Sati is another form of Devi who is the daughter of Daksha, who forbade the union with Lord Shiva. Sati disobeyed her father. Daksha once held a Yajna, but did not invite the Lord. In disgust, Sati self-immolated through yogic meditation (or, in another version, in the same fire Daksha used in his sacrifice) which awoke Lord Shiva from deep meditation.

Different versions of what happened afterwards follow. It is reported that Lord Shiva in his anger, began the cosmic dance of death, Rudra tandav which threatened to destroy the world. Worried, the Gods and priests attending the Yajna decided to scatter Sati's ashes over Lord Shiva which calmed him and in deep anguish over the loss of his wife, he went back into meditation.

Another version of the story says that upon learning of Sati's death, the Lord tore off a lock of his hair and lashed it against the ground. The stalk split in two, one half transforming into the terrifying gana Virabhadra, while the other caused Mahakali to manifest on the scene. The Supreme Lord ordered the pair immediately to annihilate Daksha's Yajna. They destroyed the Yajna as commanded by the Lord. Daksha was decapitated by Virabhadra.

Then, Shiva is said to have carried the body of Sati with him and wandered around aimlessly forgetting all the cosmic duties. When the devas pleaded Lord Vishnu, he used his discus(Chakra) to cut the body into 18 pieces which fell to the earth.The places are now known as the Shakthipeeths and form very sacred places of worship.

Sati was later reborn in the house of Himavat (Himalaya mountain-range personified) and performed great penance (Skt: Tapasya) to win over Shiva's attention. Her penance brought Kamadeva and his consort Rati to the scene, whereupon they attempted to interrupt Shiva's meditation with Kamadeva's arrow of passion. It caused Shiva to break his Samadhi, but he was so infuriated by Kamadeva's assault that he burned the deva of passion to ashes on the spot with his glare. It was only after Rati's pleading that Shiva agreed to reincarnate Kamadeva.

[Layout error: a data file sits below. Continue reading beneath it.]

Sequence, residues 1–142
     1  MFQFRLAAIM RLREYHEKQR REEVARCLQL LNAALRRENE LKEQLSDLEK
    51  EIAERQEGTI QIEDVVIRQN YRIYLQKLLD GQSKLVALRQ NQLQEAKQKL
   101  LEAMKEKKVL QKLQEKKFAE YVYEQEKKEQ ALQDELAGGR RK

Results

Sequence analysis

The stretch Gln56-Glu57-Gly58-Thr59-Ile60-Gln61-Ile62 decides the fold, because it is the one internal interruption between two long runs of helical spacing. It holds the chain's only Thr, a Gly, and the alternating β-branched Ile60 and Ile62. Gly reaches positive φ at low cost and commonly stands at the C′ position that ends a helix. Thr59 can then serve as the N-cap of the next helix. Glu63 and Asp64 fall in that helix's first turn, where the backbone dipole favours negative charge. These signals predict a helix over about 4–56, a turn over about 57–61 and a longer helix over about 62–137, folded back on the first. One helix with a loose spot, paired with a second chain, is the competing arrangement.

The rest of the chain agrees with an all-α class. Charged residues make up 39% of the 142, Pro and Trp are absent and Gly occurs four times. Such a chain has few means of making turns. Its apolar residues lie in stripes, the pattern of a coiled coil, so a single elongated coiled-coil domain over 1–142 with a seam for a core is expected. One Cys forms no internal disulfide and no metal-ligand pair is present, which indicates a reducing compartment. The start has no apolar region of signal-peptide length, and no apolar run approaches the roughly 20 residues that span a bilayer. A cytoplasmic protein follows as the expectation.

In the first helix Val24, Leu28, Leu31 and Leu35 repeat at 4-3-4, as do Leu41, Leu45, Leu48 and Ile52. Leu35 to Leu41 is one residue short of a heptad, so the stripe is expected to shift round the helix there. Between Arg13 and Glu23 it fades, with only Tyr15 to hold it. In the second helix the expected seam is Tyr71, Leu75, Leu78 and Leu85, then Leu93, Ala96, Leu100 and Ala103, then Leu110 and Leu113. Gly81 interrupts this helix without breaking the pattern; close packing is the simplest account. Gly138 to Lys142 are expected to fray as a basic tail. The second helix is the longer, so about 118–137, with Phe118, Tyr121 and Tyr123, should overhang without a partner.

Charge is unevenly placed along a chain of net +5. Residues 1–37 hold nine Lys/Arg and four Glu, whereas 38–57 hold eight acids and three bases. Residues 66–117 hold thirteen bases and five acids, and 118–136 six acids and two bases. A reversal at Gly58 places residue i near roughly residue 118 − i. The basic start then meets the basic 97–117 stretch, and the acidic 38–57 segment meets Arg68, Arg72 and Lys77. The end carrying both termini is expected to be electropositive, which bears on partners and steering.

Parvati would try again without Kamadeva's aid to win over Shiva, and this time, through her devotion and the persuasion of other rishis, yogis, and devas, he eventually accepted her.

Buddhipriya 17:47, 27 April 2007 (UTC)

Use of primary scriptural references

In support of the following text in the article an IP user added the scriptural reference to Bhagavata Purana 12.6.7, 9-10. In checking the verses I do not see how that reference clearly supports the statements, so I have removed the reference. This is the text involved:

Shuka (or Shukdevji) is the son of the great guru and avatar of Sri Vishnu, Veda Vyasa. He stayed inside mother's womb for sixteen years. He was the first one to say Bhagavata Purana to the great Raja Parikshita in last seven remaining days of king's life. Thus the king attained self-realization.